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« Reply #2 on: November 08, 2011, 06:33:38 PM »

It is often advised to have 911 called in the U.S. for situations like this. I would do the same. He is guilting you into taking care of him. He's an adult, it's not your job...he needs to change his own diaper.
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Posts: 4896

« Reply #3 on: November 08, 2011, 11:28:16 PM »

Initforlife - First let him know to contact a suicide hotline, or you will do it for him. I have consistently done this for my DD, now 25, whenever she called with this level of crisis. You cannot be there to hold his hand through this - he needs to be willing to accept the help that is available for him. I do not know what country he is in - most do have something like this in a college town.

Then the questions VIolet asked are good ones to ponder. I am 56, my dh is 61, and we cannot financially support our DD25. We have let her know the limits of our help. It took her being homeless for a long bit for her to start making better choices, yet she is now moving in a more postive direction and she is able to live in our home again. She is willing now to be part of a program to help her get a job - and once I got her started she is doing this work on her own.

It has also taken me learning many new tools and skills - many of them from here at FTF - to communicate with her better, validate her feelings while keeping boundaries in place that protect me and the others in the family. This is especially hard when our kids are threatening themselves. Have you worked through any of the lessons yet at What can a parent do? (for parents of pwBPD) ? These helped me a lot to understand better what my DD was going through and how I could help her while taking care of myself.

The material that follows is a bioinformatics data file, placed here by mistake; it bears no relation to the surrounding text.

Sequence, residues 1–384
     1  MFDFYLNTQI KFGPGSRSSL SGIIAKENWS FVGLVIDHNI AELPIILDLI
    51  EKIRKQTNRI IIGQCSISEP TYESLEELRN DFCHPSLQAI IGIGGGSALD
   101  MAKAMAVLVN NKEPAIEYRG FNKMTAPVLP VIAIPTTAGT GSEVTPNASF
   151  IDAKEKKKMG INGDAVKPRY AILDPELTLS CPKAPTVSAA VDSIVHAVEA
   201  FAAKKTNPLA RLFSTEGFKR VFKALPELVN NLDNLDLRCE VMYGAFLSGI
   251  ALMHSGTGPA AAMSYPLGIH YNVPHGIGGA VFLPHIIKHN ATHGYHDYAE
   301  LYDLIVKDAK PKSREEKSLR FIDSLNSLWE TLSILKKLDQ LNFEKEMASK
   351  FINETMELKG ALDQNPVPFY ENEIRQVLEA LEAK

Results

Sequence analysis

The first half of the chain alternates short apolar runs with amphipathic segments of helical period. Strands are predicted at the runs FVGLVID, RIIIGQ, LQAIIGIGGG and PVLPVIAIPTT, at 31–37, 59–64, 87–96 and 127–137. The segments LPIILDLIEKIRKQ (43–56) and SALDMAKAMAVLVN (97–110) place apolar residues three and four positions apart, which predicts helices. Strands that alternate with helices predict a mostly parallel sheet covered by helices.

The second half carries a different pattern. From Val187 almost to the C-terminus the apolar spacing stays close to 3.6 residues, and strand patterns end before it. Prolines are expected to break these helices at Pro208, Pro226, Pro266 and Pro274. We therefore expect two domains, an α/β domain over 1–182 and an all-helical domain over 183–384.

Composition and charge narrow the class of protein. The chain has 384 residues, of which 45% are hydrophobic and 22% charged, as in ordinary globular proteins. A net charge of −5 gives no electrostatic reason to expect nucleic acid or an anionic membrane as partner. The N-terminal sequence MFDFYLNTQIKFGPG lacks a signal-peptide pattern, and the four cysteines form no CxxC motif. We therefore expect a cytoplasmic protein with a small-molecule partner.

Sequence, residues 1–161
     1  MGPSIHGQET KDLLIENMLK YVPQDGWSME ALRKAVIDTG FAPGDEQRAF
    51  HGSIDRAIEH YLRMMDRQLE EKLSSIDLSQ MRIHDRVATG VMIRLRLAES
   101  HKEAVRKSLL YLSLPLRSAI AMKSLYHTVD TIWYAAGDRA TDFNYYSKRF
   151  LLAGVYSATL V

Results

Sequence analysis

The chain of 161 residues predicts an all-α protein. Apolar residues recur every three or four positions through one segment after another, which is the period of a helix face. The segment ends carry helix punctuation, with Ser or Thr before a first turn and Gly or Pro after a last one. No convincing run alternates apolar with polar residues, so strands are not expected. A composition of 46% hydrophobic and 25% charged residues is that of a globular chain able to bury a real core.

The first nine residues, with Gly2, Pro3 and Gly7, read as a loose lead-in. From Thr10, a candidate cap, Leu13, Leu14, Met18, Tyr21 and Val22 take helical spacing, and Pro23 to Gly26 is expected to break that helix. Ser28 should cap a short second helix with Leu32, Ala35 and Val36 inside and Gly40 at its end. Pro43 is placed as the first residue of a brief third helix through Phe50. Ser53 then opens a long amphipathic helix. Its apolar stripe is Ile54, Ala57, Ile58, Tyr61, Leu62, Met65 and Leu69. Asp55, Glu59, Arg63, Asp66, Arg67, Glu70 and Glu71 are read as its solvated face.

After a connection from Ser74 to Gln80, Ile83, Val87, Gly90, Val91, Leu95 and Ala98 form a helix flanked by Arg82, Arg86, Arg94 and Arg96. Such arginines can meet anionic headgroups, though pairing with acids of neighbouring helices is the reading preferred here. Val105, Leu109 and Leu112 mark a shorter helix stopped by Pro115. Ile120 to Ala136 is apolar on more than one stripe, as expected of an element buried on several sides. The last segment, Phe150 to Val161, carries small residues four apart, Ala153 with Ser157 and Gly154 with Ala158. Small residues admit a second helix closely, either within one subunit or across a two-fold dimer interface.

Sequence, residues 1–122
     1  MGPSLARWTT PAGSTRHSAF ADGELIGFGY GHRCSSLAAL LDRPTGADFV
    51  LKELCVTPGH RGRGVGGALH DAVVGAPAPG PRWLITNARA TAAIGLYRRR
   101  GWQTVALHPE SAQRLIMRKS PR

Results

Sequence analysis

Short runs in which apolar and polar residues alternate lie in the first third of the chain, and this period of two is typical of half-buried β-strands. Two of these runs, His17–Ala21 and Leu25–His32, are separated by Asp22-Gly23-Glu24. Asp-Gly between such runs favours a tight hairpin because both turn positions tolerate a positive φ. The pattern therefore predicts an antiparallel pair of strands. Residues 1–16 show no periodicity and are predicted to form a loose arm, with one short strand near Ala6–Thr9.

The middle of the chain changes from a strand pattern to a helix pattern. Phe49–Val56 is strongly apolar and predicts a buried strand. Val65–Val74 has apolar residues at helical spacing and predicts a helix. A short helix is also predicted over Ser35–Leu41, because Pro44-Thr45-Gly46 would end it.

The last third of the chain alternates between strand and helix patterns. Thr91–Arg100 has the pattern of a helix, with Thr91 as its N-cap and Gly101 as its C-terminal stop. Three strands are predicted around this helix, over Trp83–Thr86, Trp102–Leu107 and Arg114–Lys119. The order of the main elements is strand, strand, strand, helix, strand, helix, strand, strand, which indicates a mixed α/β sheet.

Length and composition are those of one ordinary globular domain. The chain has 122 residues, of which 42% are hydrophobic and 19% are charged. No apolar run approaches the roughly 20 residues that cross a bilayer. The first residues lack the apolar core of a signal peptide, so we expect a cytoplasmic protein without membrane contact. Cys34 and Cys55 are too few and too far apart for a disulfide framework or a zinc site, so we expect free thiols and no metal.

Please keep us updated on how things are going.



The best criticism of the bad is the practice of the better. (Dom Helder)
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Posts: 9576

we can all evolve into someone beautiful

« Reply #4 on: November 09, 2011, 09:01:31 AM »

dear initforlife,

so very sorry to hear that your BPDs is in such a state of crisis.  it must be so scary for you being so far away from him.   

it is difficult to not enable when we are being emotionally blackmailed...the fear in us causes confusion on what the right thing to do is!  ?

perhaps learning how to help him without enabling is a good place to start.  a great resource, available for purchase online at amazon.com is the book "i don't have to make everything all better" by gary and joy lundberg.  i encourage you to check into this, it has helped so many of us here on the supporting board.


BPDd-13 Residential Treatment - keep believing in miracles

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« Reply #5 on: November 10, 2011, 06:47:19 AM »